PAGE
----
Lunatics Imbeciles and Idiots -...
In the first half of the nineteenth century, treatment of the mentally ill in Britain and Ireland underwent radical change. No longer manacled, chained and treated like wild animals, patient care was defined in law and medical understanding, and treatment of insanity developed.Focusing on selected cases, this new study enables the reader to understand how progressively advancing attitudes and expectations affected decisions, leading to better legislation and medical practice throughout the century. Specific mental health conditions are discussed in detail and the treatments patients received are analysed in an expert way. A clear view of why institutional asylums were established, their ethos for the treatment of patients, and how they were run as palaces rather than prisons giving moral therapy to those affected becomes apparent. The changing ways in which patients were treated, and altered societal views to the incarceration of the mentally ill, are explored. The book is thoroughly illustrated and contains images of patients and asylum staff never previously published, as well as first-hand accounts of life in a nineteenth-century asylum from a patients perspective.Written for genealogists as well as historians, this book contains clear information concerning access to asylum records and other relevant primary sources and how to interpret their contents in a meaningful way.Show book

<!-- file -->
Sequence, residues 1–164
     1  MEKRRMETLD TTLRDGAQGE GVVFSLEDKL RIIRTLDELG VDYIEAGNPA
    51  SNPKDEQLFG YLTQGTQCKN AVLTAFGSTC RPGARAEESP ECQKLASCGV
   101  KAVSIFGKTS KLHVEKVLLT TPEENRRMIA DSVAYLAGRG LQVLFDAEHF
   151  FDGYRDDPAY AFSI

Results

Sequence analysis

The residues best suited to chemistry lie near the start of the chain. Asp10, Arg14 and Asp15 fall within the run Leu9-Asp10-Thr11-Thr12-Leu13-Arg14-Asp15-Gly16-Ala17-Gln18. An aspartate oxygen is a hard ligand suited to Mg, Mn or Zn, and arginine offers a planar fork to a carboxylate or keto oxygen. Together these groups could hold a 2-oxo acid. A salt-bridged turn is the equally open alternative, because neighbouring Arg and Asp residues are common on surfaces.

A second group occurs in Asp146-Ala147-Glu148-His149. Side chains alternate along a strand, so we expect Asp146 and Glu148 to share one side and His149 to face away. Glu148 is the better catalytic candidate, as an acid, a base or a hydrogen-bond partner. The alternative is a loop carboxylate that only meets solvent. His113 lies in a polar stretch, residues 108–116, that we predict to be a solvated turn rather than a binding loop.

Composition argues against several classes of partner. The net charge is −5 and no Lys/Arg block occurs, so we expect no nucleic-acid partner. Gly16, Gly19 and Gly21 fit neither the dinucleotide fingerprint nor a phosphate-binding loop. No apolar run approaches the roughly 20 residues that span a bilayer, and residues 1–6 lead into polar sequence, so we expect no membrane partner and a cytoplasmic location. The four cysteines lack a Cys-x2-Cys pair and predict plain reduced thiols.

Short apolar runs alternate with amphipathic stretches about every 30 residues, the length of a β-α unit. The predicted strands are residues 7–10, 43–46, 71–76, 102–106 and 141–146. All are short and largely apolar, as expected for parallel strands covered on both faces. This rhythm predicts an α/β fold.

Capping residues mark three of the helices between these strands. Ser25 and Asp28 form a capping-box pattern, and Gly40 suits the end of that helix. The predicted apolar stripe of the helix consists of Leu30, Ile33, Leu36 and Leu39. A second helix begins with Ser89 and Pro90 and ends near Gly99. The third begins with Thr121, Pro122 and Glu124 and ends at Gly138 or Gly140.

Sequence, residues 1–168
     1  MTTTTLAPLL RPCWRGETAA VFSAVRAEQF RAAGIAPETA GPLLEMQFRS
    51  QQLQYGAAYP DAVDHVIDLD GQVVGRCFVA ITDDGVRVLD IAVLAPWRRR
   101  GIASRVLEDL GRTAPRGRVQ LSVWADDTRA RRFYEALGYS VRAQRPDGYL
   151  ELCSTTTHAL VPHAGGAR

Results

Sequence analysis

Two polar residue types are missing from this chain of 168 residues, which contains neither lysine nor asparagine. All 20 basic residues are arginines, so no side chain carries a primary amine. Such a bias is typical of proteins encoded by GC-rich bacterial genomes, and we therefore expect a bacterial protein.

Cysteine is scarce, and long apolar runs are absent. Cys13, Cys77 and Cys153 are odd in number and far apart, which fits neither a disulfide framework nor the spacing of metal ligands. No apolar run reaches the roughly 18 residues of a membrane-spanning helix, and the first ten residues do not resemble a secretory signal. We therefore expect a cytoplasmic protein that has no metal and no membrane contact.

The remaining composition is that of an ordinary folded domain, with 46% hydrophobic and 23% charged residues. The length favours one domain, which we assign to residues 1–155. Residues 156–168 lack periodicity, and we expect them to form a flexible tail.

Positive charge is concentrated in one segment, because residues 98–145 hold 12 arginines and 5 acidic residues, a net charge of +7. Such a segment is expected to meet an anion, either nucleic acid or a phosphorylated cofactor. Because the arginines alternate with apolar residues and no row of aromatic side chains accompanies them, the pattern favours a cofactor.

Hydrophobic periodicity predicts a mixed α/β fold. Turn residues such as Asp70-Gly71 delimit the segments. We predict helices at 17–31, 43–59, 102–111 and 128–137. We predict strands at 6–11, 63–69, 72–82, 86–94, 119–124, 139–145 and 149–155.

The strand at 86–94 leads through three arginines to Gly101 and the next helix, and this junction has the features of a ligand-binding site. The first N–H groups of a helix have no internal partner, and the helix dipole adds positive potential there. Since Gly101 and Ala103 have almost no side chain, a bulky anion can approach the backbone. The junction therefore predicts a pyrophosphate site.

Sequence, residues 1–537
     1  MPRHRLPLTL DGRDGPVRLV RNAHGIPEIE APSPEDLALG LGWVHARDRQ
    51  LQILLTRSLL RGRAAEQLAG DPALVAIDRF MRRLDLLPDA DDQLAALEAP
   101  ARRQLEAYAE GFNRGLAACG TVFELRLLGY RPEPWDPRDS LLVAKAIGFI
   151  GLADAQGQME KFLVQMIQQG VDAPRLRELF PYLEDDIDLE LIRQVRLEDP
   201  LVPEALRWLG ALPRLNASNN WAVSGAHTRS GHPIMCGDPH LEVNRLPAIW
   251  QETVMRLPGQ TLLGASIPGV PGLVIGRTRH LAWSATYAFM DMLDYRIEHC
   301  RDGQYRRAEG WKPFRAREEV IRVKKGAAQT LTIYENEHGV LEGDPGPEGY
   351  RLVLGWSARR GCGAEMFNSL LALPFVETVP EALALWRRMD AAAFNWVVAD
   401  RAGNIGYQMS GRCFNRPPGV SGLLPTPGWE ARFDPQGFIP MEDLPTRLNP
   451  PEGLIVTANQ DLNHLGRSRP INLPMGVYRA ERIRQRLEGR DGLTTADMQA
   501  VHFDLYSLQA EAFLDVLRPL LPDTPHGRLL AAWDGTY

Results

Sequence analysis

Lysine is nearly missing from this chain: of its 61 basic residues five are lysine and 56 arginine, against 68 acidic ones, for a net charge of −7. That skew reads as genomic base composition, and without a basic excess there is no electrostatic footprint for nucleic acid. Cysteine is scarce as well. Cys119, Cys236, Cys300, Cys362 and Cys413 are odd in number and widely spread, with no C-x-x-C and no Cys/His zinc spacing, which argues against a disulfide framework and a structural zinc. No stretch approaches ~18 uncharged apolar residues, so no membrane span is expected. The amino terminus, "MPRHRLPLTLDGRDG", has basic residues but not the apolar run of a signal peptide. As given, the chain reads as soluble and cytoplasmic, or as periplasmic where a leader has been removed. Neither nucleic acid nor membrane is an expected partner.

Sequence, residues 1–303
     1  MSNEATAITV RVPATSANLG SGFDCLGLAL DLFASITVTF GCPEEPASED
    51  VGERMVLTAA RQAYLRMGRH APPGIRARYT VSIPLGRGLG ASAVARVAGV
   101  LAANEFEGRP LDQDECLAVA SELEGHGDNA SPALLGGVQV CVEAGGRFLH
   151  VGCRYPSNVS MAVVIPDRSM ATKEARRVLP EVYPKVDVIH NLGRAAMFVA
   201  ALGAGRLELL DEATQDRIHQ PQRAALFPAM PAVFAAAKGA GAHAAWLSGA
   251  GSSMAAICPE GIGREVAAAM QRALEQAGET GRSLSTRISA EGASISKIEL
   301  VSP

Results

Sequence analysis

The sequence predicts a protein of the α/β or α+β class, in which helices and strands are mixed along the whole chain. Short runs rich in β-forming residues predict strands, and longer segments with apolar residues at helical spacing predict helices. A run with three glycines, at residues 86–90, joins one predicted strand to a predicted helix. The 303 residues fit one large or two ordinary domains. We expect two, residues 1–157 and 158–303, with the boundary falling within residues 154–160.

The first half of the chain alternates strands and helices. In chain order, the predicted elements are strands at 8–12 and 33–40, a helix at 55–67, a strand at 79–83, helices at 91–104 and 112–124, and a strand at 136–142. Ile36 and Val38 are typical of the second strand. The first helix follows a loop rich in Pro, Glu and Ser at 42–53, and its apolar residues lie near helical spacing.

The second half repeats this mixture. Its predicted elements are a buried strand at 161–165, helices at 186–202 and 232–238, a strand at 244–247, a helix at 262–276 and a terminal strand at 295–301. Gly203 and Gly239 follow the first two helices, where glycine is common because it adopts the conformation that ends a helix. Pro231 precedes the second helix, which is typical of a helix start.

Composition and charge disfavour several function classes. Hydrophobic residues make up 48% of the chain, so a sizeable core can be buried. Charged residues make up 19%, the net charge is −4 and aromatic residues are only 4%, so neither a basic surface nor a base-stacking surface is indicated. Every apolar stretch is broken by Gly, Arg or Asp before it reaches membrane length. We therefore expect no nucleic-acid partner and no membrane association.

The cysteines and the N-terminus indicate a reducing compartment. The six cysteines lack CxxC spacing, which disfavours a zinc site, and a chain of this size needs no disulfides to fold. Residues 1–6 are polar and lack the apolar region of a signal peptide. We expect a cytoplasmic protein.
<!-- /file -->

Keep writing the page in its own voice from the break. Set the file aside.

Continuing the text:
The Breakdown of Higher...
John M. Ellis